In a bid to encourage a better quality of child-friendly videos from creators, YouTube will begin demonetizing channels that produce low-quality content. More specifically, channels that produce content for younger audiences cannot upload overly commercial videos or ones that could potentially encourage bad behavior.
YouTube’s new policy on such content says that “made for kids” content should also have limited or no ads at all. Moreover, the video platform warns that channels that violate these guidelines could face removal from the YouTube Partner Program.
“We have reached out to potentially impacted creators in order to support them before these changes take effect starting next month. Our ultimate goal is to foster a safe and enriching environment for families while rewarding trusted creators who are making high-quality kids and family content,” YouTube said about the changes in a post (via).
This move could help improve the quality of content on YouTube Kids
The new guidelines should dramatically increase the quality of the content uploaded on the platform. However, it could take some time for these new changes to take effect.
The streaming service said it will inform creators before acting against their channel. YouTube could also add a yellow icon on some violating channels to alert advertisers of their status. The platform didn’t offer info on the number of channels that could be impacted by this policy change.
The quality of content should receive a big boost when these algorithms are in effect. Parents can expect a drastic improvement in the recommendations as well. YouTube’s high-quality principles cover a wide range of topics, including content that focuses on learning, creativity, play, or interaction with real-world issues, to name a few.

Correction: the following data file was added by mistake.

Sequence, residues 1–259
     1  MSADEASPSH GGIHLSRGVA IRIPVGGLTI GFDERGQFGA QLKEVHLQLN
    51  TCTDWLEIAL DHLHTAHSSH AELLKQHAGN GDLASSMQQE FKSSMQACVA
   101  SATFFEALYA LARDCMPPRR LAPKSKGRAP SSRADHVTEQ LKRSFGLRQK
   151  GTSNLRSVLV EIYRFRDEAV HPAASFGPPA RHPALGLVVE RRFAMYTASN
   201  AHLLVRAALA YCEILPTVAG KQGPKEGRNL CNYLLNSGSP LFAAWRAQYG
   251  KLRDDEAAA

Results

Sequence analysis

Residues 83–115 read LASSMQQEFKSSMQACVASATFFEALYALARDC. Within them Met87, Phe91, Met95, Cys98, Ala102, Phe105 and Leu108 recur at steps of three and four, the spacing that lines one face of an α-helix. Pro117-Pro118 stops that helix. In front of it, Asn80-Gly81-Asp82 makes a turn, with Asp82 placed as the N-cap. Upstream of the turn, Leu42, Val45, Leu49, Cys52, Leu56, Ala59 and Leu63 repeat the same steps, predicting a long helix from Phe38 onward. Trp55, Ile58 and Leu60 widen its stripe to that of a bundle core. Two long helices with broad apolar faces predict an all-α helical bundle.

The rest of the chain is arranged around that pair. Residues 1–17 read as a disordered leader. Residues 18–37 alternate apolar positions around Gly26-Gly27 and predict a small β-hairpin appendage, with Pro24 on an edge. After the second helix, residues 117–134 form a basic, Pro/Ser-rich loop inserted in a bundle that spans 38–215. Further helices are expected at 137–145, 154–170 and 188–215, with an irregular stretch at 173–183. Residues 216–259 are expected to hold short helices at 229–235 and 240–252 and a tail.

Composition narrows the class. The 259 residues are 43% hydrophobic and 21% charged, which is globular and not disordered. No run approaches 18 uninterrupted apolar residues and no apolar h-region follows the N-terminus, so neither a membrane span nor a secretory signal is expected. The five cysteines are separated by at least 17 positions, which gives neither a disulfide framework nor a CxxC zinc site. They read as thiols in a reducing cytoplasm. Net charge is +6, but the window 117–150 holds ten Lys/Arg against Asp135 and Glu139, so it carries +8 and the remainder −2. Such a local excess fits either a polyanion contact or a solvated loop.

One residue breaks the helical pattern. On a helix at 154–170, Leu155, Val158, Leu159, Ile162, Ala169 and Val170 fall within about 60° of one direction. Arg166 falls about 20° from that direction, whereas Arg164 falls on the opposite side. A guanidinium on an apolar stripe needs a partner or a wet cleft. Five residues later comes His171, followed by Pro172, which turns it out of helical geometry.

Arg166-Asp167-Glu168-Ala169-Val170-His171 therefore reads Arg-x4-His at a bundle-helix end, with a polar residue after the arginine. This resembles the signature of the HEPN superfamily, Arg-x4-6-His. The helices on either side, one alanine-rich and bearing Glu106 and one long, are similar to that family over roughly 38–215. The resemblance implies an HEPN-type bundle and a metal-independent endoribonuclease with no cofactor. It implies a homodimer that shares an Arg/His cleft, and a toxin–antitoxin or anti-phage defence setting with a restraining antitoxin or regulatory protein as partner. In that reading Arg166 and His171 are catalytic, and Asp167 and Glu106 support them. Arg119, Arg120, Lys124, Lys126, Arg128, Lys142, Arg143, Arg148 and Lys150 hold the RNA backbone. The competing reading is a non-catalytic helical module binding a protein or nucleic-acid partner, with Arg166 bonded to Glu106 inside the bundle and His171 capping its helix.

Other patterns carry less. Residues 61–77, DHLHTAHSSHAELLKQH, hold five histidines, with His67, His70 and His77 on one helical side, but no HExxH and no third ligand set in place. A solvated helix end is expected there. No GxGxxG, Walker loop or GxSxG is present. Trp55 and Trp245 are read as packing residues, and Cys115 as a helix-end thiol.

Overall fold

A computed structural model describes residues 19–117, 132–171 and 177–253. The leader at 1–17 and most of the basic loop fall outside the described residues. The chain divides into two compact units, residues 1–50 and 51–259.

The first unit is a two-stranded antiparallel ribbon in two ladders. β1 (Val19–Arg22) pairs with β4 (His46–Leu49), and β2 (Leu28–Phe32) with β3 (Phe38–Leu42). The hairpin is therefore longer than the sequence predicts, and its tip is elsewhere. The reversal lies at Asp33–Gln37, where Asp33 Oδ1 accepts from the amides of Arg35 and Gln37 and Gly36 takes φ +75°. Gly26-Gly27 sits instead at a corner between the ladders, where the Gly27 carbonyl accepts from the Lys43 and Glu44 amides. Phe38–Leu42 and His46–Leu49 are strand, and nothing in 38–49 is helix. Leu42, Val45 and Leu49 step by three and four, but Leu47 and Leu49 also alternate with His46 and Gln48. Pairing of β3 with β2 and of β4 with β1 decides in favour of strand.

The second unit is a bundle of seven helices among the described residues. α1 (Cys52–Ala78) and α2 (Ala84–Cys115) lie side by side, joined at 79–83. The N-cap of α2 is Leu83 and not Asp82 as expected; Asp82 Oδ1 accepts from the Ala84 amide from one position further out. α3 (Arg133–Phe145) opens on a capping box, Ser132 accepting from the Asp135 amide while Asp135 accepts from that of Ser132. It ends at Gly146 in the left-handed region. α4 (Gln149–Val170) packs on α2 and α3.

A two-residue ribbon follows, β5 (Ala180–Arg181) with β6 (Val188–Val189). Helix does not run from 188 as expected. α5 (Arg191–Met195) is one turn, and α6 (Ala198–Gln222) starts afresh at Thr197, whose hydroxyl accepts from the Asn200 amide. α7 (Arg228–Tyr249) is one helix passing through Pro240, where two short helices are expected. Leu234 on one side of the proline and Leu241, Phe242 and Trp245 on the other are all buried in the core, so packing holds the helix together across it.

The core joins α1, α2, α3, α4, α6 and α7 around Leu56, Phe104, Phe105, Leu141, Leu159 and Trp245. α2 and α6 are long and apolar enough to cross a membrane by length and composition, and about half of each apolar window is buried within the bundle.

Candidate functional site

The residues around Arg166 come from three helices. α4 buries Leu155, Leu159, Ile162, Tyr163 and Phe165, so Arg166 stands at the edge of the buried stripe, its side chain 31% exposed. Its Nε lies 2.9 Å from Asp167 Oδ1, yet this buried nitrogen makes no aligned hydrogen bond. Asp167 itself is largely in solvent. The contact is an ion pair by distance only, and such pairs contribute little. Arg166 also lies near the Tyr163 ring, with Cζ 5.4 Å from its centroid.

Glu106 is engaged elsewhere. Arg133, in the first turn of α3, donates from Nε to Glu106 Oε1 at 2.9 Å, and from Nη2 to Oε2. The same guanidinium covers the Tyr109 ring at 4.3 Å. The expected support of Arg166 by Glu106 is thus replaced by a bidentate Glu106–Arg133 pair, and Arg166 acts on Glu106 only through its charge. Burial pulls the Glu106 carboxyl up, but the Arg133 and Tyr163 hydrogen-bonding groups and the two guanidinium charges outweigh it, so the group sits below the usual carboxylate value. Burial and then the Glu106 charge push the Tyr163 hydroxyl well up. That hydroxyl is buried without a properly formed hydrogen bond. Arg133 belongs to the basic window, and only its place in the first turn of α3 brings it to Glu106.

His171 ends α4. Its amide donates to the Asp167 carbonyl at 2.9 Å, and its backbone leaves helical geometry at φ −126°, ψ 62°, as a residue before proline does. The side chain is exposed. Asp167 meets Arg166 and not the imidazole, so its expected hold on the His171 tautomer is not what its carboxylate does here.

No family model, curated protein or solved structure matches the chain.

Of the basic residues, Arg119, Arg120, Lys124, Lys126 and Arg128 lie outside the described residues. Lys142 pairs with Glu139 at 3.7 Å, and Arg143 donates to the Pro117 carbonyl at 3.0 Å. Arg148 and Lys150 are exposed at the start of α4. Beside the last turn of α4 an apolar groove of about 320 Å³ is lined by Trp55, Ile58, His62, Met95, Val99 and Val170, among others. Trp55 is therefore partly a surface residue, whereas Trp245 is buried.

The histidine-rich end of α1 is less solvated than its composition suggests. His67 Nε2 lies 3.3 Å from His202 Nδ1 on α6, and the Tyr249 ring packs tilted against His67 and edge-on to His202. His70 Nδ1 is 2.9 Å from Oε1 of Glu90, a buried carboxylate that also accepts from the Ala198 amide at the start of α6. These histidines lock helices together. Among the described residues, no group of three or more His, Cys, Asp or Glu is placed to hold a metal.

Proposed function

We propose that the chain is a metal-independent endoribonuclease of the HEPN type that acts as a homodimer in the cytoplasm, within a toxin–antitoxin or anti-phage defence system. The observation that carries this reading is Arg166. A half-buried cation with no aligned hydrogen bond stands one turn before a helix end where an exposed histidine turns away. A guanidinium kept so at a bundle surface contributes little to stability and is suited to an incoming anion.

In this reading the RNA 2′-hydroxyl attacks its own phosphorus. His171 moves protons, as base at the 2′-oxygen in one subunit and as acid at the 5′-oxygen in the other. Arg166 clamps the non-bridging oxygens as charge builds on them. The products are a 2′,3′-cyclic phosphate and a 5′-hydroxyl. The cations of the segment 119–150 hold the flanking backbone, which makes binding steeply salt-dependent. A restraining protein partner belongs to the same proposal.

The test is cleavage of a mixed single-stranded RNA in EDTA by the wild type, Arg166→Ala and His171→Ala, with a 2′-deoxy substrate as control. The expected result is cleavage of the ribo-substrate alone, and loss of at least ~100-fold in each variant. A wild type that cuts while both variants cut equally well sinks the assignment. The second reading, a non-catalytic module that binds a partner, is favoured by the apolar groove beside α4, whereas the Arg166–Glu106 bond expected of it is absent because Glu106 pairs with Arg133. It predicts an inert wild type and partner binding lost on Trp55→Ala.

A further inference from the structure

YouTube Kids has been available as a separate app for quite some time. It offers extensive parental controls while focusing on content tailored for kids. YouTube brought new parental controls to this platform earlier this year. This was designed to help tweens and teens migrate from YouTube Kids to the primary YouTube app.
In August, YouTube said it would remove videos from YouTube Kids that would entice viewers to purchase a product. Additionally, the streaming platform said it would bar content that focuses on “excessive accumulation or consumption of products.”
The main YouTube app has also seen a handful of additions this year. In July, the company announced a wider rollout of YouTube Shorts, its short-form video experience within the YouTube app. This was part of Google’s attempt to take on TikTok which dominates the short-form video space.